o Do your research – You must do your research before getting involved with any company. Don’t just automatically sign up with any company advertising envelope stuffing. Check with the Better Business Bureau to see if there are any complaints against the company. Do a search on Google. Check online forums. Just make sure you do the research.

o Are there any legitimate envelope stuffing opportunities out there – Believe it or not, yes there are. These are usually freelance jobs from smaller companies just starting out that can’t afford the envelope stuffing machinery or companies that are trying to see if they get sales resulting from mail outs.

I actually worked for a small water purifying company that I did mail outs for. I

went there to apply for a secretarial job but it was filled. Instead, they offered me the envelope stuffing job. I was desperate at the time so I took it.

It was very time consuming. I used to stuff 4000 envelopes a week. That was a lot of work! I had to get my family to help me. I would bring home the envelopes; my Dad would stuff and seal them. My Mom, sister and I would write out the addresses (we didn’t have the sticky labels to work with). I would place the stamps on them. Then I would take them back to the company and they would write me out a check. I shared the money with my family since they helped me out. It took a lot of time and if I didn’t take time each day to do it, I’d get behind, and then I’d be up late filling out the address and putting the stamps on them. I did that job for a year.

o Can you make money Stuffing Envelopes – When I worked for that company, I used to get paid around $210 a week. That was not a lot of money, especially after I shared it with my family for their help. I did because it helped them out each week and it gave me a little extra spending money.

o Is it worth the fuss – I had to ask myself if it was worth all the fuss to do that kind of work. Was it worth the lousy $210 I’d get each week? What did my family think about it? We all dreaded it each week, but we liked getting paid. The thing is, by the time I got through splitting the money with my family, there wasn’t much left for me. Plus, I had to report that on MY taxes each year, not my family. So in the long run, it wasn’t worth it for me. You may find it different in your case.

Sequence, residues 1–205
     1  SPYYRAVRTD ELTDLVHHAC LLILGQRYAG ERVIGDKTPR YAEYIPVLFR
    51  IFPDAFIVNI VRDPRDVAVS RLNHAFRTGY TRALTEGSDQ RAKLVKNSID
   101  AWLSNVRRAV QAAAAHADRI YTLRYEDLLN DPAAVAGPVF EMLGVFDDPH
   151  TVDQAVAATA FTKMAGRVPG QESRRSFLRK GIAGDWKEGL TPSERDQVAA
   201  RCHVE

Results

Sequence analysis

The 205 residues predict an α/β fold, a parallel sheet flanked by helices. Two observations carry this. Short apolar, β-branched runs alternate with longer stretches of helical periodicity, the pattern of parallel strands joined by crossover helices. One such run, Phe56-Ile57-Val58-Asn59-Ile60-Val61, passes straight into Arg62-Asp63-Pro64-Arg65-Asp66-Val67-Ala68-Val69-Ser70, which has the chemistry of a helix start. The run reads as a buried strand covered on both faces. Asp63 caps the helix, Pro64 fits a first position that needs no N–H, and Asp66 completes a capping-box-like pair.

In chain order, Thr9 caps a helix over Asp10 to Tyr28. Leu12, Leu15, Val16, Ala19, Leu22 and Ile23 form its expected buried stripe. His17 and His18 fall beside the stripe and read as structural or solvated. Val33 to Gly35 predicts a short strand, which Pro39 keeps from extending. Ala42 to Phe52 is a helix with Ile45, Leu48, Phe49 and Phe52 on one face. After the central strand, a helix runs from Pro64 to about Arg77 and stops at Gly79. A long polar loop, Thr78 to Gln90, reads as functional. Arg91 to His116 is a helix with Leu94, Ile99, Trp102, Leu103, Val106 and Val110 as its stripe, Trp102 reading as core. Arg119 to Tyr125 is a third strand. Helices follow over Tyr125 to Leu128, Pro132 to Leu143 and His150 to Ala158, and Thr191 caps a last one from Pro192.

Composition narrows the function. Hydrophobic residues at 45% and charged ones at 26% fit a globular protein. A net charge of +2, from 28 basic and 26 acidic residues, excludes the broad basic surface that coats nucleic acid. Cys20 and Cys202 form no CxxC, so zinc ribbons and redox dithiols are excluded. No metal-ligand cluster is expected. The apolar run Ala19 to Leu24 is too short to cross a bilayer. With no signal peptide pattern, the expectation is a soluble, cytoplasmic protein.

o Envelope stuffing is now called “home mailing” or “e-mail processing” – Envelope stuffing is a very popular old scam that’s now being repackaged as e-mail processing. These companies are very clever and are realizing that many people are catching on to their scam so they are now changing their wording and calling it something else, but it works the same way as the other Envelope Stuffing scams.

Although there are a few legitimate Envelope Stuffing jobs out there, like most too-good-to-be-true offers, Envelope Stuffing jobs are scams that continue to suck new people in year after year. Envelope stuffing is an example of people who use persuasive skills and create an illusion of “easy money” – to lure people in and entice them to send in their money.

The FTC is actually cracking down on this type of fraud. Many newspapers are also cracking down on them by not allowing ads for Envelope Stuffing jobs. Despite all their efforts, I don’t think that they will ever stop all the Envelope Stuffing scams out there. Envelope Stuffing scams have been around for over 50 years. It’s one of the oldest scams out there.

After reading this article, if you are still interested in Envelope Stuffing jobs, please do your research on the company and remember not to pay for anything up front. Personally, I would find other ways to make money. Legitimate work at home jobs can easily be found, if you know where to look. It’s all about research.

To Your Success,

Anna Allen

Anna Allen is author of several articles on various ways to make money online. For more information go to: http://wannamakemoneyonline.blogspot.com

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By , on July 9th, 2011 Scams

How to Identify and Avoid Work at Home Scams

Avoid Telephone, Direct Mail, Mail Order, and MLM Promotion Company Scams
By John T Jones, Ph.D.

The world is full of people and organizations promoting illegal scams to suck your hard-earned money out of your pocket, bank account, or from your credit card account. Here are a few of them.

Envelope Stuffing Scams

Joe Simple reads an ad in a magazine or receives a letter that invites him to make money by stuffing envelopes. He sends in $40.00 for a kit and gets nothing in return.

Mary Blank reads a similar classified ad opportunity. She sends in $35.00 and gets a single sheet that tells her to place the same ad she responded to using her address as the money recipient. She is to then send out the same single sheet in reply.